Rock and roll, we all know how it sounds. But how does it look on the silver screen, we’re going to show you the best of rock and roll films. Strap yourself in.
This movie and production broke the boundaries of sexuality, transphobia, expression, androgyny and music genres. It’s not just a film, it’s an experience. It’s madness, but done so beautifully. The ultimate film for not caring about the rules and being who ever the hell you want to be. One of those that you have to see just so you can say you’ve seen it. The whole film circles around Brad and Janet – recently engaged and travelling to thank the professor that bought them together. On their way they bump into a castle and inside the castle they find Mr. Frank N’ Furter and his not-so-loyal band of crazies. It’s controversial but ground breaking, and the music is brilliant. A true cult classic that’s just as timeless now as it was during it’s release in 1975.
One of our favourite films of all time. It’s an ‘un-official look’ into Bowie, Iggy, Lou and Jobraith in the 70’s. Exploring their lives, the fame and the relationships that came along with it. The film follows a journalist and previous super fan of glam rock artist Brian Slade before he disappeared mysteriously. Arthur (journalist) is stuck in the limbo of expressing what he truly loved which pared with who he was and conforming to society and his parents. Brian – the rock and roll star, is one of the leading people who proves that it’s far more liberating to just do exactly what you want to do. But as you’d expect, fame comes with baggage and leads to some nasties. The soundtrack is wonderful. The cast boasts some great names, to name a few: Christian Bale, Ewan McGregor, Eddie Izzard and Jonathan Rhys Meyers. One of the best, if not THE best glam rock film of all time.
If only it was that easy to work for a big music magazine now days. A young kid has a liking towards rock and roll and begins to review it. Before he knows it, one of the biggest magazines of all time is offering him a job reviewing Black Sabbath – which turns into touring with a true rock and roll band. The film explores the music industry and the dirt behind the make-up. Not all that glitters are gold, some of it is covered with cigarette ash and cans of Bud. The band and the girls that come with them see him as ‘the journalist’ but eventually warm to him and he becomes one of them; living like a rock star himself. There is a darker side to what could be a comedy when the girls are bargained like chips in a game of poker to other bands and Penny (the main groupie) feels the repercussions of the rock and roll life more than anyone. It’s a fantastic story of a young journalist feeling the sting of the industry.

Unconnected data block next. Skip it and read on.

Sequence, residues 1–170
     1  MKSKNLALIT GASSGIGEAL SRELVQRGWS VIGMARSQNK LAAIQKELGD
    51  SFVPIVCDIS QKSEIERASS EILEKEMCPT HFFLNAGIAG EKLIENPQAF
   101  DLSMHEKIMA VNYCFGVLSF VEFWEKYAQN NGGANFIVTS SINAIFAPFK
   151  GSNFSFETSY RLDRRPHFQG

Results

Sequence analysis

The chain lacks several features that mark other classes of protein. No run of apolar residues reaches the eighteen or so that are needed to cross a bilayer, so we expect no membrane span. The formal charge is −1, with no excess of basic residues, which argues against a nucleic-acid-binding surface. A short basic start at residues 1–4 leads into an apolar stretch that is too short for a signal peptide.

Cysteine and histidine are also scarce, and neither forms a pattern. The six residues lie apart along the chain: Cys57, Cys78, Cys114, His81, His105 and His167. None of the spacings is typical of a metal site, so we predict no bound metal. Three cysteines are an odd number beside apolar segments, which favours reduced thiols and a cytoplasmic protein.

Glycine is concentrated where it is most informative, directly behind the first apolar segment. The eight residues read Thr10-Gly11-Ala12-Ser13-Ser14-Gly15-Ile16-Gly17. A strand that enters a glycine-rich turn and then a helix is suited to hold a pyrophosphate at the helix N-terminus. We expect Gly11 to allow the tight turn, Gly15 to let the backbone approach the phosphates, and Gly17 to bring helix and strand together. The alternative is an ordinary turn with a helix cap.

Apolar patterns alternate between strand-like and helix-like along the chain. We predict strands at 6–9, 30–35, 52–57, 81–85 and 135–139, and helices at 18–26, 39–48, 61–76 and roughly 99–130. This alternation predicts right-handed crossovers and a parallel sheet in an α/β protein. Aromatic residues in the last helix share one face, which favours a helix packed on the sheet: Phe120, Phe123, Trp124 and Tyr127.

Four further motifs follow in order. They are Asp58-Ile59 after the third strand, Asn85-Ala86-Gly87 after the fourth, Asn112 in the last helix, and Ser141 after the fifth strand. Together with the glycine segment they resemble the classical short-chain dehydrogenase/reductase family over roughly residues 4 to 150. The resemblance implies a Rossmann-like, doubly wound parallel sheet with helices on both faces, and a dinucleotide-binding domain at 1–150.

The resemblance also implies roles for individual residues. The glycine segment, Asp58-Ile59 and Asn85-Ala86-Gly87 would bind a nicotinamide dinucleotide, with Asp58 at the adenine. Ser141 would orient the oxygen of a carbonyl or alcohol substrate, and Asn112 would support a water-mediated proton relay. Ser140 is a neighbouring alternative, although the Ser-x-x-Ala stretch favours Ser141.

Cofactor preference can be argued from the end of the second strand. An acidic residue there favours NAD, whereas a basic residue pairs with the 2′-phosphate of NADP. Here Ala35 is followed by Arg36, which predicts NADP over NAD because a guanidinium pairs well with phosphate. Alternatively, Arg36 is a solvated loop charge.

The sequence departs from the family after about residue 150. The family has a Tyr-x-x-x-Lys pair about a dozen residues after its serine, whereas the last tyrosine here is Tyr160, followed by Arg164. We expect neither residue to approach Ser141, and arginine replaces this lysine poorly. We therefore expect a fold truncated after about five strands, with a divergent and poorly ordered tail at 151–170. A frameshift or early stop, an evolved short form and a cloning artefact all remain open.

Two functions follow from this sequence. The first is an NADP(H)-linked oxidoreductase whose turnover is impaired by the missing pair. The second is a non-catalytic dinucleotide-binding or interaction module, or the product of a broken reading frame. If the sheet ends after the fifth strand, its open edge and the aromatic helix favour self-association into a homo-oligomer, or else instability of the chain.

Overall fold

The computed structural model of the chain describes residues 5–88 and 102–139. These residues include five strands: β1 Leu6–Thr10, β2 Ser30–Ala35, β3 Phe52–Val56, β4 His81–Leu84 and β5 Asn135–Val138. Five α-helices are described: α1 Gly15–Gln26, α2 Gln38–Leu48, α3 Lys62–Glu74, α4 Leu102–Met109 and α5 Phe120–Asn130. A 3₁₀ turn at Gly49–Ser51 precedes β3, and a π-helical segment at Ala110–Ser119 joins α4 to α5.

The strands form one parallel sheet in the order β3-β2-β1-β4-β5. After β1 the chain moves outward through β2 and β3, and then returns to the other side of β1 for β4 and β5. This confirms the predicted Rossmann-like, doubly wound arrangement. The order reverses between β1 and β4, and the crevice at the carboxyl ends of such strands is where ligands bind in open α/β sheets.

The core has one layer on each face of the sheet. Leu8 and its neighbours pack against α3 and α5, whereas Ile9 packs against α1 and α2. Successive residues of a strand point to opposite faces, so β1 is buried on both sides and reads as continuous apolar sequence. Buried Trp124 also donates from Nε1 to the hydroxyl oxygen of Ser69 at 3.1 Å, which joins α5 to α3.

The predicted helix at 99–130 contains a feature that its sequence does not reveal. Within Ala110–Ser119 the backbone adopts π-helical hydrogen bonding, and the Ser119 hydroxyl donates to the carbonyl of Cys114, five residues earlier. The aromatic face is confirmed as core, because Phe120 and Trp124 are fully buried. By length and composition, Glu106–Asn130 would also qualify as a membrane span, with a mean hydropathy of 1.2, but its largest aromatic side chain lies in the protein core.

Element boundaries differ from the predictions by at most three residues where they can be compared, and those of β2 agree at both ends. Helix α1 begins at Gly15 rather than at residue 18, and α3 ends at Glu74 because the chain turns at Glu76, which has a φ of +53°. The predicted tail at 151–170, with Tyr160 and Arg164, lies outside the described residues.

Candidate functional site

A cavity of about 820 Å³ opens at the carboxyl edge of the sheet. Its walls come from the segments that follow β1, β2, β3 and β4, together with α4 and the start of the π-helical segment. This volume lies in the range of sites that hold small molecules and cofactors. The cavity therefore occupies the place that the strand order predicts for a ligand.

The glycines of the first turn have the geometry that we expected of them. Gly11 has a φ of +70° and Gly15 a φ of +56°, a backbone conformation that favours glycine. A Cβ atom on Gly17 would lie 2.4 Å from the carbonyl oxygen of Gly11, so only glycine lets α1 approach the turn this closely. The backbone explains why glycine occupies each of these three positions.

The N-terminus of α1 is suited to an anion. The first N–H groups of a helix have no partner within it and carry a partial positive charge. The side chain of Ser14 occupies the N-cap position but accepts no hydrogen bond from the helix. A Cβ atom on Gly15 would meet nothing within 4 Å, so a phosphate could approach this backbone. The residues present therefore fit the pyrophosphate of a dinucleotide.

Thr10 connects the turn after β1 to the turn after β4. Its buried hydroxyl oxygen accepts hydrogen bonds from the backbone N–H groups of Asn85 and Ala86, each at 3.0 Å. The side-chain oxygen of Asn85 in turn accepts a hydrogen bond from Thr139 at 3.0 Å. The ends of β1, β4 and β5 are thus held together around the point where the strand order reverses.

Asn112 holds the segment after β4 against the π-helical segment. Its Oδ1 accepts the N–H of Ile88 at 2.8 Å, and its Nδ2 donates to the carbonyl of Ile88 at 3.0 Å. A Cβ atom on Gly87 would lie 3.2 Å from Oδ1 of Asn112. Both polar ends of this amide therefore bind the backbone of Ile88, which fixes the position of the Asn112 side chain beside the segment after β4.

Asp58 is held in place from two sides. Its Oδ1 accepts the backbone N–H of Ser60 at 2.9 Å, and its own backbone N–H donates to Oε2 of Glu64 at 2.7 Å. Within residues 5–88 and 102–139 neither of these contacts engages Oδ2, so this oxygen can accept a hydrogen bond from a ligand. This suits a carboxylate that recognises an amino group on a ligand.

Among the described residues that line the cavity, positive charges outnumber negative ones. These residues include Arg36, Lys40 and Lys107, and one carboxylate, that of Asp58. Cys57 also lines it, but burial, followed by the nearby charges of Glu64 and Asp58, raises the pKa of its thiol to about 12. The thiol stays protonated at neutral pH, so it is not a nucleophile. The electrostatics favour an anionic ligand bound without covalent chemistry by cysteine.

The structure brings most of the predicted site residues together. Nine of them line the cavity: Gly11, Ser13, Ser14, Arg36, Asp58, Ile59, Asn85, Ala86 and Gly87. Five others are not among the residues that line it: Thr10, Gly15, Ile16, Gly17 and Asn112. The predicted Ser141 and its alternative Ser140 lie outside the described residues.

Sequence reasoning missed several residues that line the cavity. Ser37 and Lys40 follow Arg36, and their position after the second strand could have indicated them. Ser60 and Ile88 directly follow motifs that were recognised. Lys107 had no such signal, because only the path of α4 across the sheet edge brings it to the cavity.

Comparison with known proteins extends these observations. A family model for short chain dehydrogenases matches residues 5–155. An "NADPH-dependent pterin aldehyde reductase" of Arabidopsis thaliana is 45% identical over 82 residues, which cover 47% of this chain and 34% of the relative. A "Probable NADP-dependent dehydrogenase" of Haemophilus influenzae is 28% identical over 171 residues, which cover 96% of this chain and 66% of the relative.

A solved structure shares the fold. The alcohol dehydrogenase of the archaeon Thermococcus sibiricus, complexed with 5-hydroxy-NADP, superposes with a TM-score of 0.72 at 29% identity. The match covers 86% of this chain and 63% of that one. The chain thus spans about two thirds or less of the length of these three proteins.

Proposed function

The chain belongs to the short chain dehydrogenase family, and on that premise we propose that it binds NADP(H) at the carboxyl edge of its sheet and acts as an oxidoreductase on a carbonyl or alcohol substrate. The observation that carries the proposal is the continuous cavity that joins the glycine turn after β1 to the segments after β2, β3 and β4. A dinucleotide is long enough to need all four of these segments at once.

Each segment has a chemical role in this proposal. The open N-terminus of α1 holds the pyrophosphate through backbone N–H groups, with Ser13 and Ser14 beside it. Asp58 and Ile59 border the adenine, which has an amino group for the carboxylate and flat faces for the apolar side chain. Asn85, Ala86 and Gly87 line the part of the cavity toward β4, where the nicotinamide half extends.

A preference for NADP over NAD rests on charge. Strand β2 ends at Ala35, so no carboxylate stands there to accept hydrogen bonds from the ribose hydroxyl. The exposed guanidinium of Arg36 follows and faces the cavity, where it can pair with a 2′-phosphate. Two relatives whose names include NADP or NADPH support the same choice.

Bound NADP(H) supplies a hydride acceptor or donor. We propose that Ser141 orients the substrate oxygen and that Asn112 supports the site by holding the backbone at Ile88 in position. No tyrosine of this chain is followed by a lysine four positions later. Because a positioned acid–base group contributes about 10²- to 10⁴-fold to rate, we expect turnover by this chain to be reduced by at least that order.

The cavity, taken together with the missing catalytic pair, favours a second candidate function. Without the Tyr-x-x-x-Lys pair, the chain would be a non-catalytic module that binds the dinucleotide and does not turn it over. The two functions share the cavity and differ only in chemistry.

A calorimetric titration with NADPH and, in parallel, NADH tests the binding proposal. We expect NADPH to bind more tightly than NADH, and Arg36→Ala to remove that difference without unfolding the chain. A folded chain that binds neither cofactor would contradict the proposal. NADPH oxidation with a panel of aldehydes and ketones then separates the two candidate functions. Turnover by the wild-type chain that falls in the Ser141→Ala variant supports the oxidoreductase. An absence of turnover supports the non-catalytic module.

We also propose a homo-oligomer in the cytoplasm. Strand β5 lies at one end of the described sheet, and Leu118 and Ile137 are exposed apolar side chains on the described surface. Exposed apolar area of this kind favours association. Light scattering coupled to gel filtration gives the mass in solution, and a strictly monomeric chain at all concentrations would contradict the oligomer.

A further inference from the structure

Named quite appropriately after The Who’s album, Quadrophenia and based loosely on the rock opera. It shows the fight between the mods and rockers in the late 70’s. The main character Jimmy is a Mod, and enjoys nothing more than taking amphetamines, partying, riding his scoter, fighting with rockers and admiring his idol ‘Ace Face’ (played by Sting). The whole film shows Jimmy’s decline from a boring job – but a job none the less, to a full on riot with the rockers in Brighton. There’s rivalry with the small group of Mod friends for the affection of one girl, Steph. They steal, the fight, they dance and they realise they don’t even know why they’re fighting. We won’t ruin the ending, but let’s just say that Ace Face was not all he seemed to be, and his flashy scooter goes for quite a ride.
24 Hour Party People
Set in the music capital Manchester. 24 hour party people is a ingenious documentary about the music scene in the 80’s and 90’s, following the rise and decline of bands such as New Order and Joy Division. The film stars Steve Coogan as Wilson- who is really just a more educated version of Alan Partridge. Wilson founds a record label and a nightclub and the film and book pretty much shows him watching over those who walk into the limelight, it also shows his business and how the artists have effected his life. It’s a real classic and much loved by the public. We also recommend reading the book as it really is a wonderful read, especially if are a fan of New Wave; And if you like Steve Coogan, you’ll also love the film.
Less Than Zero
Bret Easton Ellis’ first novel. The story is set in the mid 80’s in L.A. In the heart of the privileged is Clay, a rich college student back for winter break. But his home and friends in Beverly Hills are hand in hand with an array of scars. They party, drink, listen to music, take the new drugs and have multiple one night stands. Eventually, Clay begins to see straight through the disturbing people his friends have become. We would call this a coming of age film, which in many ways it is for Clay (more so Imperial Bedrooms for him, as we see his true self then, and it aint’ too pretty) but for the others, well, you’ll just see. It’s shocking, it’s brutal, but then it is written by the same person who wrote American Psycho, what did we expect? It’s a wonderful read, and will stay with you for a while.